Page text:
·        Have you had problems accessing affordable medical care, insurance, or medication?

Legislators from Legislative Districts 9 and 10 are hosting healthcare a forum in Tucson on Sunday, October 29.  Senators David Bradley & Steve Farley & Reps. Kirsten Engel, Randy Friese & Pamela Powers Hannley will be there to listen to your concerns and hear your stories about Medicare, Medicaid, the Affordable Care Act, insurance, medical care, drugs, cost and related topics.

Sunday, October 29, 2017 1:30 - 3:30 p.m. Unitarian Universalist Church of Tucson 4831 E. 22nd St.  Here’s the Eventbrite Link to sign up.

 

WV Medicaid Waiver Could Bode Well for AZ Opioid Treatment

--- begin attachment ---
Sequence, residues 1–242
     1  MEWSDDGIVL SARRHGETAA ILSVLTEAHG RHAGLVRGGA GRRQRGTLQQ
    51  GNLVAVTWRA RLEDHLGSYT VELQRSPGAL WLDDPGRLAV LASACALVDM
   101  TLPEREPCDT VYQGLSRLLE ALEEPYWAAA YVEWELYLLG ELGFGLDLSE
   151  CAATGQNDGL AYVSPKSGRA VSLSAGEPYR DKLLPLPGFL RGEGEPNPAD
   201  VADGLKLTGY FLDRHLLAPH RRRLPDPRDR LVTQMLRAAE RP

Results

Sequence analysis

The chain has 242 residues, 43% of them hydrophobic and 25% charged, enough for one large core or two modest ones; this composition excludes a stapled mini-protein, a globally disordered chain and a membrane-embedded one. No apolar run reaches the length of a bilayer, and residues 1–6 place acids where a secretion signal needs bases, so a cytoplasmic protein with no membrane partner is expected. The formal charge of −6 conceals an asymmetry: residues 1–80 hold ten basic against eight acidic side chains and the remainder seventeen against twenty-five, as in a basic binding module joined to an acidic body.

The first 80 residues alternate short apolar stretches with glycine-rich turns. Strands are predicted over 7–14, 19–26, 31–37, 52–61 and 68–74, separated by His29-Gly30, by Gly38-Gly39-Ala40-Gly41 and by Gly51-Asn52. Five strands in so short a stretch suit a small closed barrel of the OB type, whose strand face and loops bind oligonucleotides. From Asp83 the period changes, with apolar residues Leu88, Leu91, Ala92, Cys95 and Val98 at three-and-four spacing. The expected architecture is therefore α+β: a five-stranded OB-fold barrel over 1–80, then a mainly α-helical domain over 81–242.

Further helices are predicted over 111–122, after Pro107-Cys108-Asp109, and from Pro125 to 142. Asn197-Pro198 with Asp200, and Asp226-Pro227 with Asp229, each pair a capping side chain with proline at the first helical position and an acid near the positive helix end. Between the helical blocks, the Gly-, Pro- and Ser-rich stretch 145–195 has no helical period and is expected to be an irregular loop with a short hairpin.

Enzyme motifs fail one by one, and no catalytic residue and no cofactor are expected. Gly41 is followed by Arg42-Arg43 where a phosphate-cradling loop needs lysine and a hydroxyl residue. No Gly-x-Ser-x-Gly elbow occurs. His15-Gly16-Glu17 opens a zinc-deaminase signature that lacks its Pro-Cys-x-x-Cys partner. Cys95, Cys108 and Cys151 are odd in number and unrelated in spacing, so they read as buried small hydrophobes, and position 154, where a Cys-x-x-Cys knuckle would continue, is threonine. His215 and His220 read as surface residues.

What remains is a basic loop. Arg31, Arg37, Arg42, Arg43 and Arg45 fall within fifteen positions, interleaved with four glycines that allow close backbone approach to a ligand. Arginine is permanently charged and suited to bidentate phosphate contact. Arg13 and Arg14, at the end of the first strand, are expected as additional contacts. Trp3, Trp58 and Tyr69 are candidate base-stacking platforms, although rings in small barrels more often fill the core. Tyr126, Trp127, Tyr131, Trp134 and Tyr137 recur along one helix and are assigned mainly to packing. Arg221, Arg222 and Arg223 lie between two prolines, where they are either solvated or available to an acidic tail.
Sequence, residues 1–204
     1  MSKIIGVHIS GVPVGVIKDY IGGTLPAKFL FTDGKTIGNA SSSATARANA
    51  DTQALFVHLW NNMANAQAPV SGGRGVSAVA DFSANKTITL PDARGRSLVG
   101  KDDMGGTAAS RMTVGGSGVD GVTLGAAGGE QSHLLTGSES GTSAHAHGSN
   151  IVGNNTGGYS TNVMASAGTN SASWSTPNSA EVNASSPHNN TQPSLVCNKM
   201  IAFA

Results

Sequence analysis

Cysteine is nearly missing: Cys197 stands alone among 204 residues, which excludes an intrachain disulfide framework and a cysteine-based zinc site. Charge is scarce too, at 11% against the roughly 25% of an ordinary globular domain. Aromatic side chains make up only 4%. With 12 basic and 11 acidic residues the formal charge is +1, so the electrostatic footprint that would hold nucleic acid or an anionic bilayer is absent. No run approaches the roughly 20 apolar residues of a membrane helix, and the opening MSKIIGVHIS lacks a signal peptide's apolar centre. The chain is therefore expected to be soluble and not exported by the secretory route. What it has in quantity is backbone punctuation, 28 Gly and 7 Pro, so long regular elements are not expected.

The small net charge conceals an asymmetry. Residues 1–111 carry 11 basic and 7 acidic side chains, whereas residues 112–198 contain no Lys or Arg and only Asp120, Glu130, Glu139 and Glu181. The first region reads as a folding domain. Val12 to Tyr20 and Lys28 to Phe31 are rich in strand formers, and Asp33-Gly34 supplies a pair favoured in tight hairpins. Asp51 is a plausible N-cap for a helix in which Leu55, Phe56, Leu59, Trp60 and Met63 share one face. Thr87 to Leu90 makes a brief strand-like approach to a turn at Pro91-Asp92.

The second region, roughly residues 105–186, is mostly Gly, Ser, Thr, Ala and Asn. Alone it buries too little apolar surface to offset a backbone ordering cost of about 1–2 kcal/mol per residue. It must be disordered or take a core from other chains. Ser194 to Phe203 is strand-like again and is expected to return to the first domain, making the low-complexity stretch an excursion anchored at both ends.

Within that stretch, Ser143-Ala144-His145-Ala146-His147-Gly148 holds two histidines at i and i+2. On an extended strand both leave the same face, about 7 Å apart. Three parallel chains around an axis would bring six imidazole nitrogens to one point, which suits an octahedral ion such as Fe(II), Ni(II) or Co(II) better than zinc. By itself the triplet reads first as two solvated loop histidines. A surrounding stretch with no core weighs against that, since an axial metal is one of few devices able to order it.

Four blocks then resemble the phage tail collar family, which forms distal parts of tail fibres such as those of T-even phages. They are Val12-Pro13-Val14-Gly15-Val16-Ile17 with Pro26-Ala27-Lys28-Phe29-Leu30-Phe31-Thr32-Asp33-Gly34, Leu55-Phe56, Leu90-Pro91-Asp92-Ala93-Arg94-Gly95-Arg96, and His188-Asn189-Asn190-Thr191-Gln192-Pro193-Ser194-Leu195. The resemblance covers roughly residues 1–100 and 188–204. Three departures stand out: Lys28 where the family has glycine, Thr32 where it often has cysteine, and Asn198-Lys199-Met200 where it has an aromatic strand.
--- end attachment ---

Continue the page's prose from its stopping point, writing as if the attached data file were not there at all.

CMS recently approved West Virginia’s proposal to expand Medicaid coverage for substance abuse treatment by lifting a restriction on Medicaid payments for inpatient treatment at large residential facilities. This waiver also allows the state Medicaid program to cover naloxone, peer support services, and methadone.

This approval could be important for Arizona because it signals that CMS is receptive to these kinds of waiver requests- and a similar recommendation was made in ADHS’ September 5 Opioid Action Plan.

 

2018 Public Health Law Conference

The Network for Public Health Law will be holding next year's national Public Health Law Conference in Phoenix on October 4 – 6, 2018. They’re already accepting abstracts for panels and individual presentations.